Pawsitively Effective: Dogs in the Service of Agriculture

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For centuries, the connection between humans and dogs went beyond the boundaries of friendship. Service dogs can be found in various fields – guiding the visually impaired or alerting those with hearing impairments, detecting sugar instability, finding narcotics, searching and rescuing in mass event disasters such as earthquakes and many more.

However, it does not end there. In agriculture, dogs are now used to assist farmers in dealing with pests and diseases that cause significant crop damage and financial losses. Unlike traditional pest and disease control methods, which use pesticides and other damaging substances that may harm the environment, farmers, and animal welfare, dogs are a more natural and environmentally friendly option.

Follow the Nose

Generally, detection dogs have proven their ability to find various insects of medical or phytosanitary importance, such as bed bugs, fire ants, or the red palm weevil. Studies have shown that trained service dogs can also detect pests and diseases at an early stage. For instance, trained dogs can detect the presence of the Emerald Ash Borer, one of the USA’s most destructive non-native insect pests.

Dogs can detect beetles just by smelling the scent of the larvae, which is only detectable by humans once there is significant damage. to the trees. This early detection allows farmers to take necessary action to protect their crops and prevent the spread of pests.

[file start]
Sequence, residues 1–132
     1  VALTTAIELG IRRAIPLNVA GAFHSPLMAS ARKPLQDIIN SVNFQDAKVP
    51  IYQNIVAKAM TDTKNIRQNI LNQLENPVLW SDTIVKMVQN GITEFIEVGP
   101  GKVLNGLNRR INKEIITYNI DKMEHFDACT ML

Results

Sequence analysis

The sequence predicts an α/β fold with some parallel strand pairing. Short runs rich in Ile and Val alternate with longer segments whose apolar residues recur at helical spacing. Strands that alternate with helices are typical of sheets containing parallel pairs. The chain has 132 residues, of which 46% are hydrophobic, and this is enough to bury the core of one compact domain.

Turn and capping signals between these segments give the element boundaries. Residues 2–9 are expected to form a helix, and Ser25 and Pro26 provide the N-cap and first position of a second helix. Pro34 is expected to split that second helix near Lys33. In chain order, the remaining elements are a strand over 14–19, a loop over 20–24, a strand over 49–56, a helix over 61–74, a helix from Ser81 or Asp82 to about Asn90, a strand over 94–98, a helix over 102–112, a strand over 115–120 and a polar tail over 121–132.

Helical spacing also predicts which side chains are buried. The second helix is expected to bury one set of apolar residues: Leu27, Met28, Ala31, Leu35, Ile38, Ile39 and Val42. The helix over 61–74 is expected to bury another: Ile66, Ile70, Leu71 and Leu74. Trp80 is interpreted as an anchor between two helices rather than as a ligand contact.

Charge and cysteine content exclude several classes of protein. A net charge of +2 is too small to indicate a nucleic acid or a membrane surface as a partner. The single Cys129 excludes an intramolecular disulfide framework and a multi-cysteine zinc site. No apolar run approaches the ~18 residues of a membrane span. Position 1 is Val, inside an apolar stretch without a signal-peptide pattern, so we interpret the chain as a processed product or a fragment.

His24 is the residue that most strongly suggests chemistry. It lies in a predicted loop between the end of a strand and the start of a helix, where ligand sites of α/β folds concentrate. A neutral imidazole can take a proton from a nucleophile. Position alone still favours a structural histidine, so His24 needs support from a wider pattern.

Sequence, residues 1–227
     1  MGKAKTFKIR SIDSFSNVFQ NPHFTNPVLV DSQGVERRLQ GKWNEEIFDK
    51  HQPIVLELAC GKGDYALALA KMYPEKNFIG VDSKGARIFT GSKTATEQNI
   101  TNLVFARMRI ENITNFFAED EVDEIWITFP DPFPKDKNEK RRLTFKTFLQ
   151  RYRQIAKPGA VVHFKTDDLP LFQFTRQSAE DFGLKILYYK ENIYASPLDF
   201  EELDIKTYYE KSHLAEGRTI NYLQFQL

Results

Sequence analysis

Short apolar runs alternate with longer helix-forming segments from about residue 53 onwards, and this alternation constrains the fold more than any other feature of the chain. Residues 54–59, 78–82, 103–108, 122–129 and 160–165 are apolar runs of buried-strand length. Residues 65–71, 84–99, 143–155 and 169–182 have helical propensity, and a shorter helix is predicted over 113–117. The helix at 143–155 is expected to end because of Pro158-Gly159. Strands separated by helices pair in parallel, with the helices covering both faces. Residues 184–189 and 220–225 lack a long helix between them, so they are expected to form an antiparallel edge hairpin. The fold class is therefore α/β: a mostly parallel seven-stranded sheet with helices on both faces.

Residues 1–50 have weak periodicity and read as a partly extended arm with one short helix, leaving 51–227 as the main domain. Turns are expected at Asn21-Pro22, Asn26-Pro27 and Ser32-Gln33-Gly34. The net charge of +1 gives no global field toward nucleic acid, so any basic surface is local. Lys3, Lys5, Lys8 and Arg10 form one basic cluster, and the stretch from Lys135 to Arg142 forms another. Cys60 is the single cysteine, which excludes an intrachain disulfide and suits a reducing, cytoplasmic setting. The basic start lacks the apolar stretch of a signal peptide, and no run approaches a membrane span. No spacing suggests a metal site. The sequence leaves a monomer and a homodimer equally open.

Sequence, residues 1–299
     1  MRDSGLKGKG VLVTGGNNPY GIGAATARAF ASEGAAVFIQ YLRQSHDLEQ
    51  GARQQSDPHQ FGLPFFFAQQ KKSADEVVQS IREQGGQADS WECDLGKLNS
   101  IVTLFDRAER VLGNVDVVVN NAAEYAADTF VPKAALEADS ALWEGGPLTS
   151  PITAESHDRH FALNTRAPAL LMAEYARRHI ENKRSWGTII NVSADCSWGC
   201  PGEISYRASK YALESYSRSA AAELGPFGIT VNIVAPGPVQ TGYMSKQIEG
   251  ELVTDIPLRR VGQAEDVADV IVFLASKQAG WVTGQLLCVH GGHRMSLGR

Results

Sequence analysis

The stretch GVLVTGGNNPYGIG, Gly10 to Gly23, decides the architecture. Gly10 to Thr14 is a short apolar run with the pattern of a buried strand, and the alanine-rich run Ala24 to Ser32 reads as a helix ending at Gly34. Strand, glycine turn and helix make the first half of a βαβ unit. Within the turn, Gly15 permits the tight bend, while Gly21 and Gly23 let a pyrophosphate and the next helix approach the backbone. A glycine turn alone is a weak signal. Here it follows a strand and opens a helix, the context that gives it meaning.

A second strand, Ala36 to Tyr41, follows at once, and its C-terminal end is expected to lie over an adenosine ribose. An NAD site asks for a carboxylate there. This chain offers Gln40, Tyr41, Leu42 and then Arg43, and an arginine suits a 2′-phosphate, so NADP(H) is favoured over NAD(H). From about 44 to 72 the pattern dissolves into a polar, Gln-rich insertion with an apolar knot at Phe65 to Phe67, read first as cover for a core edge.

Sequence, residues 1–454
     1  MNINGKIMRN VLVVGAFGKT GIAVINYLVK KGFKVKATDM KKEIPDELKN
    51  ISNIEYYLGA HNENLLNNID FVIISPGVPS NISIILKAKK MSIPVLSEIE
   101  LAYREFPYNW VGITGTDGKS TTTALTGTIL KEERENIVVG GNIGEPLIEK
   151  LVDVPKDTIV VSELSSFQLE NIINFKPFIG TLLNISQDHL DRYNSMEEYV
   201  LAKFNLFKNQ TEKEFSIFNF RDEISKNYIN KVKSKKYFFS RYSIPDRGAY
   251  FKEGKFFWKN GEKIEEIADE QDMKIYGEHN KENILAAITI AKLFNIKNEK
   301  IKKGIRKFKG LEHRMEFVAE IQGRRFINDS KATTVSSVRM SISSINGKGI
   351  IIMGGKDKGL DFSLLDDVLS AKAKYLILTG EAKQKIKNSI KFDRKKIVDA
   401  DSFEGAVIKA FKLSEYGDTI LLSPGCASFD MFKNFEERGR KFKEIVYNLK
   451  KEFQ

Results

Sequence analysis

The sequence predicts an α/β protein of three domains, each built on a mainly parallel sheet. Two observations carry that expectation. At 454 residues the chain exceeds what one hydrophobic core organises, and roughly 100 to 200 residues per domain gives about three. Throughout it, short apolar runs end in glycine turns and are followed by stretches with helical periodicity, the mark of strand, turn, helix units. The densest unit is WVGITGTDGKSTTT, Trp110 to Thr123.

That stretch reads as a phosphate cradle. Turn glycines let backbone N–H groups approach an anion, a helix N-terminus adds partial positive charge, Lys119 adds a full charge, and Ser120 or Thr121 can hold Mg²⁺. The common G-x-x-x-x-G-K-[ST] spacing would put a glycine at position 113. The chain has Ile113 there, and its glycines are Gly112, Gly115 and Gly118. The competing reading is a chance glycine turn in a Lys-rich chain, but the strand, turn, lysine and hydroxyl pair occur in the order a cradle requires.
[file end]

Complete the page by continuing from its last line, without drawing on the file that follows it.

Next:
Service dogs are trained to detect plant diseases such as citrus greening, also known as Huanglongbing (HLB). This bacterial disease is one of the most severe threats to the global citrus industry, causing billions of dollars in yearly damage, and has already caused significant damage to citrus crops in Florida, USA.

The training is like that of explosives sniffing dogs, in which the dogs are taught to recognise a particular smell and to sit down next to the source once found. However, their training is more extensive and specific because the dogs are taught to detect bacteria infecting a plant, a very complex smell.

Cost-Effective and Eco-Friendly

In addition to being efficient in their work, dogs are also cost-effective for farmers. Although they require training and maintenance, service dogs eliminate the need for expensive chemicals and pesticides, making them cost-efficient in the long term.

Trained service dogs learn to stay with the scent of the target substance without getting distracted by the sight or scent of other animals. During training, the dogs learn to be non-invasive, non-aggressive and ignore wildlife in the field, making them eco-friendly for farmers and other animals.

It is safe to say that with their superior sense of smell and natural abilities, service dogs are helping farmers, ultimately contributing to the sustainability of the agriculture industry.

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